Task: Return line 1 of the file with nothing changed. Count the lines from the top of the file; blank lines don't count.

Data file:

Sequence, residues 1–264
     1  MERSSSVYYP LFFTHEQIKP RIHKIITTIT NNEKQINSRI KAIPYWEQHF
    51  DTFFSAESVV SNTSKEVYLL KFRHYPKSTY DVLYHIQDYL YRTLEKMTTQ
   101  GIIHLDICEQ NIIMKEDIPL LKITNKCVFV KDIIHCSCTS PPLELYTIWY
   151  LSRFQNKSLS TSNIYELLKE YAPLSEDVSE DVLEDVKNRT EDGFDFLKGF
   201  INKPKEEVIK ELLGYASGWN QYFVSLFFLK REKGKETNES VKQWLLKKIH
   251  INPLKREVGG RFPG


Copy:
Sequence, residues 1–264